Step 8
Here's another picture showing the ruffle pinned to the canvas.

I'm pinning it to the canvas base, NOT the other linen strip.

Step 9
Now you've pinned the ruffle, sew another running stitch or backstitch for extra sturdiness if you wish.

Sew the entire length down and you can remove the pins.

It will look like this.

Step 10
What I did to make life easier later, is to fold the ruffle upwards and then sew it in place.

This step may be completely unnecessary, but I personally found that if the ruffle is really secure and upright, it's easier than trying to hold it upright and sew the linen to the canvas at the same time.

Step 11
You now have a ruffle made of linen free-standing and attached to a band of canvas.

It should look a bit like this.

Step 12
This is the back view.

It's a bit messy and very uninspiring, but don't worry. We are about to cover the canvas with our folded linen strip which we cut out at the start.

At this point, I sew the two ends together to make a circle. I didn't photograph that, but you know how. Any kind of stitch is fine. Whatever works for you.

Just make sure you test the size on your head again and remember, you will probably have a hairnet and possibly a hairpiece underneath, so allow for those things.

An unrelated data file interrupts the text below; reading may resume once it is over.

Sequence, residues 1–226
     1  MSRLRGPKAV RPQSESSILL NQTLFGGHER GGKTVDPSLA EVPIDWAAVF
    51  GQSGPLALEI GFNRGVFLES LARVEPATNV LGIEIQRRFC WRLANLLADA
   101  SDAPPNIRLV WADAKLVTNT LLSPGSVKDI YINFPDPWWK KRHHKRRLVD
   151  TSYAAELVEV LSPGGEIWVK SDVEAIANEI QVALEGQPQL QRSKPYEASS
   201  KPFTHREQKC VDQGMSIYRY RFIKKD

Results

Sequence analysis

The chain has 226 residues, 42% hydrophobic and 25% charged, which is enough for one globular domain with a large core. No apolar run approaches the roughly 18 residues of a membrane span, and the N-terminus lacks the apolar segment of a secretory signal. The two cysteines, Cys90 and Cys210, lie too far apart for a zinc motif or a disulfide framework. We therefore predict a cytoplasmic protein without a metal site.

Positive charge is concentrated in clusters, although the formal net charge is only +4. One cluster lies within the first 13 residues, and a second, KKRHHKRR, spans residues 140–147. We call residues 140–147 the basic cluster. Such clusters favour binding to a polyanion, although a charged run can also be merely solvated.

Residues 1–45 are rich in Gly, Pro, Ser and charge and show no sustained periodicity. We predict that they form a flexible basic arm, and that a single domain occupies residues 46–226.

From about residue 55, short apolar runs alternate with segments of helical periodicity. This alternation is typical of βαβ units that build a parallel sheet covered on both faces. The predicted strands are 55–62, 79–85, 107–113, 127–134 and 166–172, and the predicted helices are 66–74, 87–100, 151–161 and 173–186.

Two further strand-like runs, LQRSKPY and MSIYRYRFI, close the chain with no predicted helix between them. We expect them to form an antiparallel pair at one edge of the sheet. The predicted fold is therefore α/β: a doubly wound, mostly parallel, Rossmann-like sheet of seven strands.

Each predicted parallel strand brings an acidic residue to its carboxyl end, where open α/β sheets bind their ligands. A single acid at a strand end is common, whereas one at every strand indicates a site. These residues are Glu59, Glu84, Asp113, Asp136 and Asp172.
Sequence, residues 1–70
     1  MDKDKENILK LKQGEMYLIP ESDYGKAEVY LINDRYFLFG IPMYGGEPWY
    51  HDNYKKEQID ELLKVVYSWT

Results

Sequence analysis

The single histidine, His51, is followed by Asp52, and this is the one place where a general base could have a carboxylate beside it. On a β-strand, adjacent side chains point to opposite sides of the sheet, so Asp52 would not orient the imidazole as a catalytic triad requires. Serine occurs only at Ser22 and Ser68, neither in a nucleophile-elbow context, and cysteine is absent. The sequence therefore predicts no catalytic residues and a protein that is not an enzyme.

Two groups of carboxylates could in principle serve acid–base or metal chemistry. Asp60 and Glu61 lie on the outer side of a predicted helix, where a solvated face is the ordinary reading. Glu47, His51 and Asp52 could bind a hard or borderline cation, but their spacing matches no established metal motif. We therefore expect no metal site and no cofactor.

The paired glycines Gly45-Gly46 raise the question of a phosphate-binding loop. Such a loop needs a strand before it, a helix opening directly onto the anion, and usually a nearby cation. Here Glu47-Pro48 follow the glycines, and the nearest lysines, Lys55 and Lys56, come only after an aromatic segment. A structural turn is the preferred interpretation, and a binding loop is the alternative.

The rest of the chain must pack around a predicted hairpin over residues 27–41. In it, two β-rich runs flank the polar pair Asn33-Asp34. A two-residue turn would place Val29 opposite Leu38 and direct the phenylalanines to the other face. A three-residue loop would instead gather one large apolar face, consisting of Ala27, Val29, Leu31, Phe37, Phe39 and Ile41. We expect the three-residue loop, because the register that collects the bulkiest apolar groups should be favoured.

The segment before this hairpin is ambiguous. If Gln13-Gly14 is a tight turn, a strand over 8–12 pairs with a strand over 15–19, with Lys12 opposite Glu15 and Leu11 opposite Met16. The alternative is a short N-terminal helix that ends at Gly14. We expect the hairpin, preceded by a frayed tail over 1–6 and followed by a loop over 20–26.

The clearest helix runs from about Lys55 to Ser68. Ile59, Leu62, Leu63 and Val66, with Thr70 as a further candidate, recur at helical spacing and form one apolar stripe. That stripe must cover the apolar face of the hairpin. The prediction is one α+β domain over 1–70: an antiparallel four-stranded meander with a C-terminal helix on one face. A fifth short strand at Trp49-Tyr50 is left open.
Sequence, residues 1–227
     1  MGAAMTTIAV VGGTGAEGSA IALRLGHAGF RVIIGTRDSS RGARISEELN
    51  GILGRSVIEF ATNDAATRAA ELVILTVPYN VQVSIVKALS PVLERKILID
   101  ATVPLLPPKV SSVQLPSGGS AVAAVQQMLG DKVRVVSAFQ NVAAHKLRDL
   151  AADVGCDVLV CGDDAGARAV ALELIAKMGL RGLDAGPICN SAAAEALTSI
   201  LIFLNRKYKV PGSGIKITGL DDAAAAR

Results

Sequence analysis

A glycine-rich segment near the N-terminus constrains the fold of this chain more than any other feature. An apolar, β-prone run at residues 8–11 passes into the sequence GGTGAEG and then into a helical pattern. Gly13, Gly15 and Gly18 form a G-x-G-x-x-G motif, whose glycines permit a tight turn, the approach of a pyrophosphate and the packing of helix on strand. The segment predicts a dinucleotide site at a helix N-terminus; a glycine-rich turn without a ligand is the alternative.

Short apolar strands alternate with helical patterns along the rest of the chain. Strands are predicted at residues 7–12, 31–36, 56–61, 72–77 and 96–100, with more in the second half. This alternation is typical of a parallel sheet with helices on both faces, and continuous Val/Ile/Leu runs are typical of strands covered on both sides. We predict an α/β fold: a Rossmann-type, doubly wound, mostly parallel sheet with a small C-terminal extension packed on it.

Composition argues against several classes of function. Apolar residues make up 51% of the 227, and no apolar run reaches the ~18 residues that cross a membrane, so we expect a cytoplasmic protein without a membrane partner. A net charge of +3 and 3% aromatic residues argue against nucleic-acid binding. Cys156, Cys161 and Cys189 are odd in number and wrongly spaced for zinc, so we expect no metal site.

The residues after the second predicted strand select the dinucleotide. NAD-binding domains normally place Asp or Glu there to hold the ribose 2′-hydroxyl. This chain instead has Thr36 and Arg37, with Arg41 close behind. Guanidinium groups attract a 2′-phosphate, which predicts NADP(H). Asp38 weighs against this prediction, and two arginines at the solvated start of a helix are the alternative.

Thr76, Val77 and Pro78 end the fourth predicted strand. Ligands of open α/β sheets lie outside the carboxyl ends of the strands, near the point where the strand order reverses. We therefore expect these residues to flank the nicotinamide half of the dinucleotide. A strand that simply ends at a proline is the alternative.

Let's do it!

Step 13
Sewn into a circle, it should look something like this.

Already you can see what it's going to look like.

Step 14
What I've done here is folded the linen in the middle, and then folded and ironed one of the hems.

What I didn't photograph is sewing the two ends of the linen together. I did that BEFORE I sewed the linen strip to the fillet.

The hemmed part goes to the top, where the ruffle is. I recommend doing the BACK side of the ruffle first.

Pinning the linen is extremely important or it will wriggle around a little bit.

You can sew right through the canvas and linen together as the front isn't pinned onto the canvas.

Step 15
Here's another view.

I'm sewing the INSIDE of the fillet part, but it looks like the outside because I've turned it inside out to sew. You can see on the frill that I'm sewing the BACK of the frill first.

Once you've sewn the back, turn your fillet inside out. Now you're ready to do the outside.

Step 16
I didn't take many photos at this point because I was sewing, but essentially, you're going to repeat the same thing on the other side which is the FRONT or outside of the fillet circle part.

You won't need to pin the bottom, as it will be held fast from the other side, but it really is important to fold the entire length of the linen and pin before you start to sew. Tuck the hem part over as you fold and pin, pin, pin!

The end result!
I'm pretty pleased with this. The ruffle stands up quite well as it's attached to the canvas, and the top of the ruffle is reasonably ruffled as it's hemmed.

Hopefully you'll be able to tailor this tutorial to your own needs and pick out the bits which work for you. You might like to sew the ruffle directly onto the linen band and leave the canvas out altogether which will work quite will too.

I found it didn't keep it's stiffness as well when I pinned other things to it, but it would depend on the thickness of your linen too!

Happy sewing!